The United Methodist Reporter is offering the latest headlines in the RSS format.
REFLECTIONS: When we think our prayers have failed Bishop Woodie W. White, Feb 7, 2012
Bishop Woodie White
By Bishop Woodie W. White UMR Columnist
It is a mantra I have heard most of my life. The words were posted on church announcement boards and printed in bulletins. I have heard them uttered in my home, church and community, and proclaimed from pulpit and pew. The words seem to carry their own power and impact. “Prayer changes things!”
Without being irreverent, might I add: Not always.
There seems to be an underlying assumption—no, assertion—that the very act of prayer is capable of turning a situation, circumstance or even a person around to whatever the petitioner desires.
Does that lead us into a false sense of hope? Does it unintentionally “box God in”? Does it assume our prayer, rather than God, will determine the outcome?
What happens when prayer does not change things? Indeed, I have prayed reverently and faithfully, only to see the circumstance or situation get worse! It seemed the more I prayed, the more the situation deteriorated.
How many pastors, after counseling that “prayer changes things,” have then faced a weeping parishioner who received the unbearable news that their loved one was not healed, the disease was not cured? How many of the faithful have made such a promise, only to then search for another (equally inadequate) mantra or cliché?
Sometimes prayer does not change things! I know the agony and pain of “unanswered” prayer. That is, not receiving my desired answer, my desired change. What do you do when the “prayer chain,” the praying congregation and the words of “prayer warriors” do not have their desired result?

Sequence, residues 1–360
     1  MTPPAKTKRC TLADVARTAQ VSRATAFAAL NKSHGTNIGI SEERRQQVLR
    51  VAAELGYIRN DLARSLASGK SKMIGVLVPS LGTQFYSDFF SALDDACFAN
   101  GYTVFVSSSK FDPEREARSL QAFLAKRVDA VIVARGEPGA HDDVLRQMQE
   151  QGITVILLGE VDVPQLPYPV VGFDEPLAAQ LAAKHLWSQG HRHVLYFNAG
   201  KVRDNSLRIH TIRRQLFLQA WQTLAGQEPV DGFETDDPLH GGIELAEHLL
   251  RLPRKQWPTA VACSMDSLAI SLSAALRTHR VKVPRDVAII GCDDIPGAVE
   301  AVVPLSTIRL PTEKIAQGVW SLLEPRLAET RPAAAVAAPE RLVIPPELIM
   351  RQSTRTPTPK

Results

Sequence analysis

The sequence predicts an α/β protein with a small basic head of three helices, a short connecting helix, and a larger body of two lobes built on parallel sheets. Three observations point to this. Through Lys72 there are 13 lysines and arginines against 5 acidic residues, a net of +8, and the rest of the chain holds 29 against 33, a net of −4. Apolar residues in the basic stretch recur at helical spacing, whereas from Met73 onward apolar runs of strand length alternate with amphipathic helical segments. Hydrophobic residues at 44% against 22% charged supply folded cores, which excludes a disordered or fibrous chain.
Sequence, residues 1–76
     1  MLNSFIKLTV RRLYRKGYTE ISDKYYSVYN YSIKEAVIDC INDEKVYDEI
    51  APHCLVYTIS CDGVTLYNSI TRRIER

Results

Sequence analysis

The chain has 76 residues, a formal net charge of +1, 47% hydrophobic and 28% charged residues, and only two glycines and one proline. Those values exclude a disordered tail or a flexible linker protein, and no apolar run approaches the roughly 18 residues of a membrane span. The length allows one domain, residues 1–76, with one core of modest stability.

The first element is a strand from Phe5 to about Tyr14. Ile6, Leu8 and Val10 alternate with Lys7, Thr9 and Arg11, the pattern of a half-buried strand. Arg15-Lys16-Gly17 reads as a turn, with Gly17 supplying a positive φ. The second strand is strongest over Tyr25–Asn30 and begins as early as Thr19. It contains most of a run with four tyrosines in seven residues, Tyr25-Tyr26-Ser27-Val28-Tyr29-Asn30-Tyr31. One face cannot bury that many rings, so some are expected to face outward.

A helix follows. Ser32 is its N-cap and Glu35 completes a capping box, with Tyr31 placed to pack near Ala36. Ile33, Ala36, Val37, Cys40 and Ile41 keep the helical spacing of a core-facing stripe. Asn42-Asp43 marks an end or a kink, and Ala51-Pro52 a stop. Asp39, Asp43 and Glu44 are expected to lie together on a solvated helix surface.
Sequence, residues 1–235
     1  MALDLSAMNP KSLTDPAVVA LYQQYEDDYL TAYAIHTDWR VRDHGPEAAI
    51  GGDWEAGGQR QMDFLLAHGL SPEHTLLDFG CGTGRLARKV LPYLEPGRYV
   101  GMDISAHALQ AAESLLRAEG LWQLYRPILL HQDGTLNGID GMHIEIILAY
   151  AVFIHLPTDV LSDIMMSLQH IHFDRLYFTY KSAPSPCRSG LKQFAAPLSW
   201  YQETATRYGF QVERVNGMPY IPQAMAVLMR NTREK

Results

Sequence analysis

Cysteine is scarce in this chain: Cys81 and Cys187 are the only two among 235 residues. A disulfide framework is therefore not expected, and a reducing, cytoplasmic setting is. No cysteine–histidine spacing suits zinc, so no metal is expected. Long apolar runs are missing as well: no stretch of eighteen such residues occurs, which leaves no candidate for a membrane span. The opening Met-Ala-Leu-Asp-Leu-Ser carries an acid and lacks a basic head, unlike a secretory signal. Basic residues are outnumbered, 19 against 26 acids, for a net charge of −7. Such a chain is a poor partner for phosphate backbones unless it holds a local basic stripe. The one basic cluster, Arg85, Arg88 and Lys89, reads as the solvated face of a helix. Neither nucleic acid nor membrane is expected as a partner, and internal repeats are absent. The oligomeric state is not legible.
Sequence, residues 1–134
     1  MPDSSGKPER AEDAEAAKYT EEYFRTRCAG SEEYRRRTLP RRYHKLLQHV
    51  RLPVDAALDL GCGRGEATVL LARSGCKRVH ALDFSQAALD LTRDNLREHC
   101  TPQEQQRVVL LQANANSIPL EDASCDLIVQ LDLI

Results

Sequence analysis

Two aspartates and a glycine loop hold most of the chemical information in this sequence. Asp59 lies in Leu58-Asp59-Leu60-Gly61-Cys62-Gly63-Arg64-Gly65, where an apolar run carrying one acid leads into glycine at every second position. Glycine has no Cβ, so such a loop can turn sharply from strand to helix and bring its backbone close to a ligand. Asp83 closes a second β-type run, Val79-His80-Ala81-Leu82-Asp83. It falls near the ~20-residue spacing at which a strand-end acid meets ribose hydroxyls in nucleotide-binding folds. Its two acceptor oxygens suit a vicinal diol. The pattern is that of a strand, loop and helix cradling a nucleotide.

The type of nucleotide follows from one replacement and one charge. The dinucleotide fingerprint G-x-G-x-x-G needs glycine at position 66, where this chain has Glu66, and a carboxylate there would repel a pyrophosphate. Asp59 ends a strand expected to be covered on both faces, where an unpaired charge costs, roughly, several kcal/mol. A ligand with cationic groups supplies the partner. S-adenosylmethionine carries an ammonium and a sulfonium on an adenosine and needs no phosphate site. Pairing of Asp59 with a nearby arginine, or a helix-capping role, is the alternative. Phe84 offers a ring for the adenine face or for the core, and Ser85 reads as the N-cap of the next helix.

Like all Christians, I have a profound belief in prayer and its purpose and power. Like most Christians, much for which I have prayed was not fulfilled, especially on my timeline. I don’t bother God with frivolous matters, such as praying for the outcome of an athletic contest or other utterly selfish appeals requiring—if my desire were granted—that yours would have to be denied.
But pray I do! Even when things don’t change.
In the little communities on the Eastern Shore of Maryland where I spent summers as a child, the place of my parents’ birth, the roots of family, the place of my spiritual formation, there is an interesting phrase describing prayer. They call it, “sending up my timber.”
I have no idea of its origin, but I learned early on that the phrase meant no ordinary or perfunctory prayer. It was serious praying. It was not only what one did, but also what happened to one in the process. It was not just about the object of prayer, but about the person praying as well. Sending up my timber.
Over the last few years, when I have promised a colleague, loved one or friend that I would be praying for them or the situation for which prayer was requested, I have frequently told them, “I will be sending up the timber!”
A few weeks ago, I returned to a little Methodist church on the Eastern Shore, the home church of the paternal side of my family. The place where I would sit as a little boy with my grandparents and then with a beloved aunt, who died recently.
During her funeral service, I glanced at the Order of Service and was stunned to note that a “selection” to be sung by the choir, was “Sending Up My Timber.” I never knew the phrase came from a song! As the choir sang, the memories came, as did the tears.
What do you do when prayer does not seem to change circumstances? You simply keep on “sending up the timber,” because prayer can change you in the process.
Retired Bishop White is the denomination’s Endorsing Agent for Chaplain Ministries and bishop-in-residence at Candler School of Theology.